Madelyn Milton, a doctoral student from Minneapolis, was out last year with her friends when an argument with a taxi driver over the fare led to police being called.
The young women decided to record police sergeant Tyrone Barze, and when Madelyn stood up for her right to record him she ended “lying unconscious and bleeding in the street”, according to the lawsuit.
Despite this being the fourth lawsuit against Barze, Minneapolis police union president described him as an “excellent” officer.
The police union chief’s response to the lawsuit was even more infuriating.
An Illinois woman, who was arrested and charges were filed against her after she recorded police officers on her friend’s property without their consent, decided to fight back and stand up for her rights.
Ironically enough the officers themselves were not given permission to enter the property in the first place. Additionally, the Illinois Eavesdropping Act under which the woman was arrested had already been ruled unconstitutional.
PINAC reports that after filing a lawsuit against the city of Naperville, a suburb of Chicago, and the police officers involved, the woman accepted a $117,500 settlement.
In the settlement agreement the city insists that the agreement is not an admission that the police “acted wrongfully”, but the videos below paint a different picture.
As a kid, I always loved receiving mail. It was exciting and made one little narcissist-in-training feel important. As an adult, I loath mail. What isn’t junk mail is bills, and I would be perfectly content to do without.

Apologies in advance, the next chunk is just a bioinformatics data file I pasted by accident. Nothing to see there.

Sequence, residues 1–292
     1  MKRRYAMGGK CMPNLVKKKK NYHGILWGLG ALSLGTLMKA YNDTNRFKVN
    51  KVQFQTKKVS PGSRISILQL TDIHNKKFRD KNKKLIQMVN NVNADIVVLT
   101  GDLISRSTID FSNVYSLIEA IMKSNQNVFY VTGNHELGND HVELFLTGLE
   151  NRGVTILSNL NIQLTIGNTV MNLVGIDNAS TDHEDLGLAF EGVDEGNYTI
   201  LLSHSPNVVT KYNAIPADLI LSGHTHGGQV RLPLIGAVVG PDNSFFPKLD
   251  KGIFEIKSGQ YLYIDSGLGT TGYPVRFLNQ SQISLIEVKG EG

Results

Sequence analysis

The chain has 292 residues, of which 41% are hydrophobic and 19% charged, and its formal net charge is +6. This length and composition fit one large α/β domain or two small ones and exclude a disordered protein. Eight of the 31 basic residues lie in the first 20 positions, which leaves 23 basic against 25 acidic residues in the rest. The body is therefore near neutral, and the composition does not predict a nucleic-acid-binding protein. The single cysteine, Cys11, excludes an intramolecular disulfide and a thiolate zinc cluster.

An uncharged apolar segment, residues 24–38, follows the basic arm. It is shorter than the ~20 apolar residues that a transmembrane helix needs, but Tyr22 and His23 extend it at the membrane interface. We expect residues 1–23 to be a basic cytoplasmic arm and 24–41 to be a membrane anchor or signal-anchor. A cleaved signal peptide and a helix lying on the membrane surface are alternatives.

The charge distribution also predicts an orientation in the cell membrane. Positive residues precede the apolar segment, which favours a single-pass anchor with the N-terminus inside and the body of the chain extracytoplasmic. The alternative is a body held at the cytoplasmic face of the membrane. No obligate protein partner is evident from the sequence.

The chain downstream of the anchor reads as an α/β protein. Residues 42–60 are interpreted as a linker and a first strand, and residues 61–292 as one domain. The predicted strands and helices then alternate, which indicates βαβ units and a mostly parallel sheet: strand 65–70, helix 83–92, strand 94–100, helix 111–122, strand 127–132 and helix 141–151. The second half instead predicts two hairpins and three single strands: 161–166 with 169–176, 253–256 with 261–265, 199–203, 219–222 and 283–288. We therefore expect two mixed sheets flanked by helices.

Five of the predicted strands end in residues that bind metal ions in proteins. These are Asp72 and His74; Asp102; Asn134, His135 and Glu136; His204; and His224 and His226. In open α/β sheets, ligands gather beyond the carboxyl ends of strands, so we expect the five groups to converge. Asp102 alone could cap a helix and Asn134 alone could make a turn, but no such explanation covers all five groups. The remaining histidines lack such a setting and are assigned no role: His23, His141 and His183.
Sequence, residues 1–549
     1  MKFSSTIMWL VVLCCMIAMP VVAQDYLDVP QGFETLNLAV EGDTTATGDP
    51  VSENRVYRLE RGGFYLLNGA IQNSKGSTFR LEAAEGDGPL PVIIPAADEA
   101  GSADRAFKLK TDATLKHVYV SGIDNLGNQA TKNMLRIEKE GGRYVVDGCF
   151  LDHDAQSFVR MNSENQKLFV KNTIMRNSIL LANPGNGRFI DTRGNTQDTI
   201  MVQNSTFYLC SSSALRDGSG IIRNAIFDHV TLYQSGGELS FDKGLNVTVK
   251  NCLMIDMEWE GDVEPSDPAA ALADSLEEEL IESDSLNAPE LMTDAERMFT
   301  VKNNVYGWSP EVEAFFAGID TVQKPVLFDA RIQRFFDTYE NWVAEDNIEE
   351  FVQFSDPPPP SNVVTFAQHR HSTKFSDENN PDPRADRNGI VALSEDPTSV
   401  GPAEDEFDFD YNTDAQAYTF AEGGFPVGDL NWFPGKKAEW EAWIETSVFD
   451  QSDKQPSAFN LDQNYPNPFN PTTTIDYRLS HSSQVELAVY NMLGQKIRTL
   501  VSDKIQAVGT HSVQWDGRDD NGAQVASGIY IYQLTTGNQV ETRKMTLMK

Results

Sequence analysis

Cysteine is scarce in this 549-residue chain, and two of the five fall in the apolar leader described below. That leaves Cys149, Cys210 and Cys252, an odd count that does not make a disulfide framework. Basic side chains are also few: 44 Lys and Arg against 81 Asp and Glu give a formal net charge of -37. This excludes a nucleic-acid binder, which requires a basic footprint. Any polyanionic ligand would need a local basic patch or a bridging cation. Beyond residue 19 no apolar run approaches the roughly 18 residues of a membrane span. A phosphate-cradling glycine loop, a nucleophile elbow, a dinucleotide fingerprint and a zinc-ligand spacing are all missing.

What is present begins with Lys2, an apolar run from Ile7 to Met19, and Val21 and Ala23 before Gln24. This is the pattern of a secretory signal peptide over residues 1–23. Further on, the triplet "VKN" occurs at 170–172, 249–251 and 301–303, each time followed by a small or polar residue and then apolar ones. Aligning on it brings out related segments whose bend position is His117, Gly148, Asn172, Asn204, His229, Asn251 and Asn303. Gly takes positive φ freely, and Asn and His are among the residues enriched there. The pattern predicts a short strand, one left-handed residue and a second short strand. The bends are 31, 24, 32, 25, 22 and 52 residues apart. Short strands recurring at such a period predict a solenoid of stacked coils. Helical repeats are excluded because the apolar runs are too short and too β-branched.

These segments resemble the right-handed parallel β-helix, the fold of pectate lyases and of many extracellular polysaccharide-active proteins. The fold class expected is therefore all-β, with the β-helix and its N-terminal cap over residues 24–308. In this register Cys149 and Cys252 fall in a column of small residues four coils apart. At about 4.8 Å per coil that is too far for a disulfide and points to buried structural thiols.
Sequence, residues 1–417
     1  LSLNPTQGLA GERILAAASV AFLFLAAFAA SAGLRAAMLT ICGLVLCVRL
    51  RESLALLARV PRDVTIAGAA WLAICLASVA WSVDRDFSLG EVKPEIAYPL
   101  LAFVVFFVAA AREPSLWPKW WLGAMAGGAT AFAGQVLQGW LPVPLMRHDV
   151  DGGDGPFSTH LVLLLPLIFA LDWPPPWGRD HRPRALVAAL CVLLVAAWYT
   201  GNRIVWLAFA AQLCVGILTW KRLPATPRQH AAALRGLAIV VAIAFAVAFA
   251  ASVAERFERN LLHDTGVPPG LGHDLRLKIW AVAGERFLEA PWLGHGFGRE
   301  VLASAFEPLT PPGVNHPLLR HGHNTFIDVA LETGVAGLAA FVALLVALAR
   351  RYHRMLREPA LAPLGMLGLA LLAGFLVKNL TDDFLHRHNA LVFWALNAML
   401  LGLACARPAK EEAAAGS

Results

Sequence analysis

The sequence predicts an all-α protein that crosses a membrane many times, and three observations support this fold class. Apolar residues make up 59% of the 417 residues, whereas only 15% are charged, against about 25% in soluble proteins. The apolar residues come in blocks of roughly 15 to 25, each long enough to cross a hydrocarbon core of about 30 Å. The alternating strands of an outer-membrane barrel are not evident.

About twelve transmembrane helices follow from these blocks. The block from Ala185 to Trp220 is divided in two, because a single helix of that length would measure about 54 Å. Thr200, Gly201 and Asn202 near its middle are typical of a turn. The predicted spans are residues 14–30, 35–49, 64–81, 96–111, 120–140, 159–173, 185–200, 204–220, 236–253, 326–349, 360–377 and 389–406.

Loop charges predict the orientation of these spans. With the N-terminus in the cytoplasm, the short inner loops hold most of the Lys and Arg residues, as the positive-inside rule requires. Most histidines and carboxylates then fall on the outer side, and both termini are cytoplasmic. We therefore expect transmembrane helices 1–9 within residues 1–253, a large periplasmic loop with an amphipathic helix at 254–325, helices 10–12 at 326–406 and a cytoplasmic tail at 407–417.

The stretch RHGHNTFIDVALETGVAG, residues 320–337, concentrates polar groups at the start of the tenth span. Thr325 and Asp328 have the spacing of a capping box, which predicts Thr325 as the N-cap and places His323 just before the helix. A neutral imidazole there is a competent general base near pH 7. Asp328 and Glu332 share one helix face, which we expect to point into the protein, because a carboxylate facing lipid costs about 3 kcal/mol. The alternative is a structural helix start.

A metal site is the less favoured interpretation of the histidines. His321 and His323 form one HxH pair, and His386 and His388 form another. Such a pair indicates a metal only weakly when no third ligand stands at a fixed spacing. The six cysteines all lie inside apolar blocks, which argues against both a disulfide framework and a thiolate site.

However, one piece of mail that Portland, Oregon photographer Jeff Kunkle was not expecting was a bill for $100 from the city for selling his own photographs.
In a move reversing a 40-year ban that I didn’t even know existed, the White House has lifted its photography restrictions. For more than four decades, visitors to the White House have not been allowed to take photos during tours. With this new decision, you will be allowed to document your visit, selfie all over the place, and share your bunny ears on Secret Service guards on social media. However, there are still restrictions…
Will public photography soon be impossible in Europe? A new proposal being submitted in the European Union parliament may mean almost that.
“Freedom of Panorama” is a a term we don’t hear frequently, but its importance is vital to the photography community. In short, Freedom of Panorama is a part of copyright law that gives individuals the freedom to create works of art (whether they be paintings, family snapshots, professional images, videos, etc.) in public. The specifics vary from country to country, but, in many places around the world, this is allowed for both personal and commercial use.
However, opponents within the EU want to pass legislation removing this freedom in all European countries. This would mean that, when taking any photograph or creating a video in public, you must obtain the permission of the copyright holder for any copyrighted work that may appear in it, including buildings, landmarks, and works of art.